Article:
The McLaughlin Homestead Embraces A Purposely Old-Fashioned Mentality

Maggie Roque from the 15-acre, Ontario-based McLaughlin Homestead tells us how slowing things down has proved to be a bountiful decision.

by Phillip Mlynar
PHOTO: McLaughlin Homestead

The McLaughlin Homestead is run in a fashion that Maggie Roque describes as “old-fashioned on purpose.” Situated on 15 acres in northern Ontario and focused around a century-old farmhouse, Roque has used her background in environmental science and a belief in living “a more sustainable and environmentally cautious lifestyle” to shape the venture.

“I think it’s a reminder to take a step back, slow down and really live in the moment,” says Roque as she sums up her homestead’s abiding mantra.

We spoke to Roque about pickling cucamelons and the benefits of slowing things down. We also touched on the joys of floral-infused gin.

The Importance of Slowing It Down


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After seeing her homestead, Roque says that people often tell her how they wish they could “live a simpler life like you.” But, she says, there’s nothing simple about running the McLaughlin Homestead.

“Let me tell you, it is the opposite of simple,” says Roque. “I think the word they are looking for is slower. Nothing in this lifestyle comes quickly. You have to do things from scratch, learn the process, plant the seeds, feed the sourdough starter, tend to the animals—and none of that can be rushed. When you try to cut corners, that’s usually when something goes wrong.”

As for the pay-off?

“Slowing down and really learning where all our food comes from and trying to grow [and] raise it all ourselves like our ancestors used to do is so humbling,” says Roque. “But even though it’s a lot of work and takes more time, in the end, that feeling we get knowing we did all this ourselves is so gratifying.”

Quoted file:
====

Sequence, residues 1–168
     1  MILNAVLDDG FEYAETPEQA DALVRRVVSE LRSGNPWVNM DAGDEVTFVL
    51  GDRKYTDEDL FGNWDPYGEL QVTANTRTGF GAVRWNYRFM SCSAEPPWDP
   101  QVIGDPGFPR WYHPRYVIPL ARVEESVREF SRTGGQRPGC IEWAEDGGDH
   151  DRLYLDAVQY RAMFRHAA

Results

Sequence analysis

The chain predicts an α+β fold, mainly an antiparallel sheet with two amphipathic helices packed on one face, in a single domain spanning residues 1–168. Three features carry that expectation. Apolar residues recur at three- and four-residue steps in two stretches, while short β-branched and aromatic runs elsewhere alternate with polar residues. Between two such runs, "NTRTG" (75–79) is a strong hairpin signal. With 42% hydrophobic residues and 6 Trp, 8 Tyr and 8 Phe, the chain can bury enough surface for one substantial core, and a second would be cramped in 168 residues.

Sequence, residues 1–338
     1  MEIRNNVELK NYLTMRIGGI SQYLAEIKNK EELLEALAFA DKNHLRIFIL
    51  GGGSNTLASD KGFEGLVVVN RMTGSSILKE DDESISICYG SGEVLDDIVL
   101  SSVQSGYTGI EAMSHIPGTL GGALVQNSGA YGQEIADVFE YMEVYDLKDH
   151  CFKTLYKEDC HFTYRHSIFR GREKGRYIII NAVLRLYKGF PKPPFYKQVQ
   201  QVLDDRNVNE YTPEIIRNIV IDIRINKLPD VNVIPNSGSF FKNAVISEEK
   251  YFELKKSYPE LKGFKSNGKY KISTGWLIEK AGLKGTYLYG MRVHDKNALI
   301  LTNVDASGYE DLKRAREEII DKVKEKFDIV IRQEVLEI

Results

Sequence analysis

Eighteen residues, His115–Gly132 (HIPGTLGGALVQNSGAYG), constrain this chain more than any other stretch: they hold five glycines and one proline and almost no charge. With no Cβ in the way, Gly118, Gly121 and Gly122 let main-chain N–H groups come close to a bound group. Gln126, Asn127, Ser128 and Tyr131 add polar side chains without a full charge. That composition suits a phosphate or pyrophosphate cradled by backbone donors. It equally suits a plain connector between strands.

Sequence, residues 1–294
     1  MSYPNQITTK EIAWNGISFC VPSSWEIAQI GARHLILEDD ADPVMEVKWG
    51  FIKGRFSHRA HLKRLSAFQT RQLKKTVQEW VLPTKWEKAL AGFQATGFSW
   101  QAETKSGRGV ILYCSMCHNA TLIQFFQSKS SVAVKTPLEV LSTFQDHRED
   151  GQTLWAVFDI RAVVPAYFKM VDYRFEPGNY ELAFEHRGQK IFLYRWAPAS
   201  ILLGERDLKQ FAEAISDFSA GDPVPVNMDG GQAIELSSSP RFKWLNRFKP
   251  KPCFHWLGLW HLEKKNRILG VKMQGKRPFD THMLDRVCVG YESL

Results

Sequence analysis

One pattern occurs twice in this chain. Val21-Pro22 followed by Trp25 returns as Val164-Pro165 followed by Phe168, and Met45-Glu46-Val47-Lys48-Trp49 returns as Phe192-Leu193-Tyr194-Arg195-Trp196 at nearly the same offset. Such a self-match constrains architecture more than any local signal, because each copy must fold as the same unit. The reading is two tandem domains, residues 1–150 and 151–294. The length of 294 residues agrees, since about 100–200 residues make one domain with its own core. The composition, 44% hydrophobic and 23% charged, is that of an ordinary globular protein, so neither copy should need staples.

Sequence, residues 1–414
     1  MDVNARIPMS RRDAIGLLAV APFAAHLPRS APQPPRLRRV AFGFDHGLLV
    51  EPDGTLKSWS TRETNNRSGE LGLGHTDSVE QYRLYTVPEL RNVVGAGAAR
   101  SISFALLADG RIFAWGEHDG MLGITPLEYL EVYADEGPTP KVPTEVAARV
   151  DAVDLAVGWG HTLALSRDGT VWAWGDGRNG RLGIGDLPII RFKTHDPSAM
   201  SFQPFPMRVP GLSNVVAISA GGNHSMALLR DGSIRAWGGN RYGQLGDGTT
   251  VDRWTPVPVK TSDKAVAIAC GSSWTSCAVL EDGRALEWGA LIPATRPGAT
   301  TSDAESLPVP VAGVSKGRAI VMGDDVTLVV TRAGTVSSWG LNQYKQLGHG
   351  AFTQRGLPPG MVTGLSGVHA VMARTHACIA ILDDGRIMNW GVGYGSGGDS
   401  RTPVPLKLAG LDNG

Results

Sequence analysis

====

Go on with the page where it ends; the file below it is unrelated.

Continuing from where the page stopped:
Pickling Cucamelons

Earlier this year, Roque posted a photo to social media about an experiment to pickle a batch of cucamelons.

“They were so good!” says Roque. “I will definitely be growing them every year and pickling them.”

Along with snacking on the addictive diminutive cucamelons (which in some regions are also known as Mexican sour cucumbers), Roque says that adding them to salads and turning them into a relish for burgers proved to be hits.

Read more: Farmer Ken talks food forests and his love for cucamelons.

Pass the Lilac Honeysuckle Gin

Infusing gin with lilacs and honeysuckle is another creative project that Roque has attempted recently. She says the concoction was a success and also a cinch to whip up.

“If you have lilacs or honeysuckles in your yard, just add them to some gin or vodka. Let it steep for a few weeks or more and try it out! If you like florals, you won’t regret it.”

A Focus on Flowers

Flowers have become an eye-catching part of the McLaughlin Homestead. “I was never really interested in growing flowers,” admits Roque, “but in learning more about growing veggies, flowers are a super important part because they bring in the pollinators that are needed for some veggies to produce. And to my surprise I loved growing them!”

While this year’s batch was focused around a collection of calendula, nasturtium, sweet peas and zinnias, for next year Roque plans to add hollyhocks, tulips, cosmos and poppies to the garden.

Reflecting on Progress

“The most rewarding part of running a homestead has to be getting to look back at what we started with and seeing how far we have come,” says Roque as she reflects on her journey to date.

“All the hard work we have put in to make all of these big amazing changes in our lives. Thinking about how little we knew three years ago about home renovations, gardening and raising animals. We have a lot of pride when we look at everything we have accomplished.”

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